Millions of Americans have a hard time falling asleep and staying asleep every night.
One of the biggest reasons as to why so many people feel unrested is not due to some new life change that has left their lives rocked, or even from an overactive brain. The reasons people can't fall asleep at night is much smaller...
...so small in fact, that it can fit into the palm of their hand: their smartphones.
Modern devices all emit a level of “Blue Glow”
Smartphones, as well as many modern televisions that may be in your bedroom, both emit an invasive light that is referred to as “blue glow”.
This blue radiance allows device users to see their screens clearly in practically all light conditions, both low and extreme. The downside? This blue light affects brain waves in just the right way that it may alter the hormone productions of melatonin, the property responsible for sleep and deep rest.
“While light of any kind can suppress the secretion of melatonin, blue light at night does so more powerfully” reports a study by Harvard Medical. The team at Harvard conducted a study on the effects of various colored light waves and and their effect on the eyes and brain. The result showed that blue light was the most disruptive wave of directed light.
“Blue light suppresses melatonin for about twice as long as the green light and shifted circadian rhythms by twice as much (3 hours vs. 1.5 hours)”.
The bottom line: the blue light emitted from smartphones is disrupting the brain's ability to produce adequate sleep hormones, and it's one of the reasons we are feeling so tired all of the time.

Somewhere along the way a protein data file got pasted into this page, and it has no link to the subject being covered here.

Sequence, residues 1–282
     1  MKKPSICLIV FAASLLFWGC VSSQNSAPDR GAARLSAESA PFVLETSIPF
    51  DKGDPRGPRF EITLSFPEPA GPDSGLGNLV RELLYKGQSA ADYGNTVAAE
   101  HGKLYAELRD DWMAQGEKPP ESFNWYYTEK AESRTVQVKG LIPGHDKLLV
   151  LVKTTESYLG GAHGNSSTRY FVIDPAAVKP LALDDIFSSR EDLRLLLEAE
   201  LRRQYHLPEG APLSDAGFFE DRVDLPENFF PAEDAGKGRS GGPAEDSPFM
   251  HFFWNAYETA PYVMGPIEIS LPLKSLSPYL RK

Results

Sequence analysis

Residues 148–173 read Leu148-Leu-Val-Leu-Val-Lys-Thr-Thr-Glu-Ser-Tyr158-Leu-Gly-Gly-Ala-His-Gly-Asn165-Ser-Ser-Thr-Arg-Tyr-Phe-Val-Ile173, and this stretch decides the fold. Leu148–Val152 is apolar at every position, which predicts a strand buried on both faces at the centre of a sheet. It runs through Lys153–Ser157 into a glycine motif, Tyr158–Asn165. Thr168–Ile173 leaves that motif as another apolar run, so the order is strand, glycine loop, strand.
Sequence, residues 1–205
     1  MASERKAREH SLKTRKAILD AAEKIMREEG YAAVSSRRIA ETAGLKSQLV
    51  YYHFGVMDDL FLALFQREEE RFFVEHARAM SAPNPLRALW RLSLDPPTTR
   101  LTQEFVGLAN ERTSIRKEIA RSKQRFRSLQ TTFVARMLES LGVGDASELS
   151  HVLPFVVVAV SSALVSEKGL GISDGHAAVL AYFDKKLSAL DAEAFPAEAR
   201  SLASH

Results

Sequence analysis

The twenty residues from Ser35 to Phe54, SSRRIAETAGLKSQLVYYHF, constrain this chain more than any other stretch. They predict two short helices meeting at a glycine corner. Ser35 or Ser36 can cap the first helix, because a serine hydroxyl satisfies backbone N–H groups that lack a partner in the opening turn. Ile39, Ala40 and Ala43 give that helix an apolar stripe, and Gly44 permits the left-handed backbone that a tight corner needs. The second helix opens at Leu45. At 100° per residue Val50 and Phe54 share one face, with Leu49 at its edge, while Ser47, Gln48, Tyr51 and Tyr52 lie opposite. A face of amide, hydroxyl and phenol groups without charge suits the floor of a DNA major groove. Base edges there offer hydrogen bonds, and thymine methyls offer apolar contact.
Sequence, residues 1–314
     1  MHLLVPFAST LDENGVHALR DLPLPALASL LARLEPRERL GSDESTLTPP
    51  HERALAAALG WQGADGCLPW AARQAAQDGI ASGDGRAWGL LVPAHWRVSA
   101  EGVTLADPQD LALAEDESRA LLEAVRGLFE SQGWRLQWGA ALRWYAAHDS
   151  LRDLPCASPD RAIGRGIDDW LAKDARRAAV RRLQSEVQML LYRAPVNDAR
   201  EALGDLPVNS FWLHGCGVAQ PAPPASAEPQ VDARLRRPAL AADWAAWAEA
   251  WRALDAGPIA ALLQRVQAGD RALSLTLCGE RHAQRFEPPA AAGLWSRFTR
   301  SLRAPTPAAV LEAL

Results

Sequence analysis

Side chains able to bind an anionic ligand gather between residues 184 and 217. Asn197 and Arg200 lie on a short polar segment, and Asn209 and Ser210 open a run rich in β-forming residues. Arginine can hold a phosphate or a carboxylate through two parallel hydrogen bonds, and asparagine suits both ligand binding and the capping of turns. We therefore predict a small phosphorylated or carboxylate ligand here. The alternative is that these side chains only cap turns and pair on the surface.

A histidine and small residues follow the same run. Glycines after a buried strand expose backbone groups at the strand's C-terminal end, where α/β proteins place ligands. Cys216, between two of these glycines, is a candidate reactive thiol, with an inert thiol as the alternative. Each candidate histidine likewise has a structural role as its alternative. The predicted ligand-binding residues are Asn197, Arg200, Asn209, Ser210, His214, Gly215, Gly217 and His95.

Short of cutting ties to our smartphones, what can each of us do to reclaim the sleep that we used to enjoy at length?
Below are a few tips that can help you fall asleep faster and stay asleep through the night.
Keep away from emails and text messaging
Many of us are still flipping through work emails and group chats long after we slip under the covers of our beds. According to studies, it is recommended to wind down on thinking about work and other critical thinking inducing problems at least a half hour before bed.
If reading is a must for you to fall asleep, read a paper book or at least switch to paper white e-readers
Reading or writing in a journal is a popular aid that helps sleep-seekers unwind and recenter themselves as their day comes to a close. However, now that it’s almost 2018, we have made the switch to digital devices with screens, many of which use backlit and blue light emitting screens.
To keep your routine but still reduce your blue light consumption, consider swapping your backlit device for one that is front lit, like a paperwhite e-reader. Of course, nothing else compares to a physical paperbound book being read by lamplight.
Reading a physical paperbound book comes with a stronger sense of accomplishment after reading from cover to cover anyway… wouldn't you agree?
Opt out of scrolling through social media
Scrolling relentlessly through social media platforms may make sleep harder to achieve as your emotional spikes can cause your brain to start racing through countless thoughts.
"Can't Sleep? Neither Can 60 Million Other Americans." NPR.org. 2008.
"Melatonin: In Depth." NCCIH. 2014.
"Blue Light Has A Dark Side - Harvard Health." Harvard Health. 2015.
Markman A.. "How To Forget About Work When You’Re Not Working." Harvard Business Review. 2017.
Disclaimer: This article is not intended to be a substitute for professional medical advice, diagnosis, or treatment. Seek the advice of your physician or other qualified health provider with questions regarding a medical condition. Do not disregard professional medical advice or delay seeking it because of something you have read here. This article is for general information only.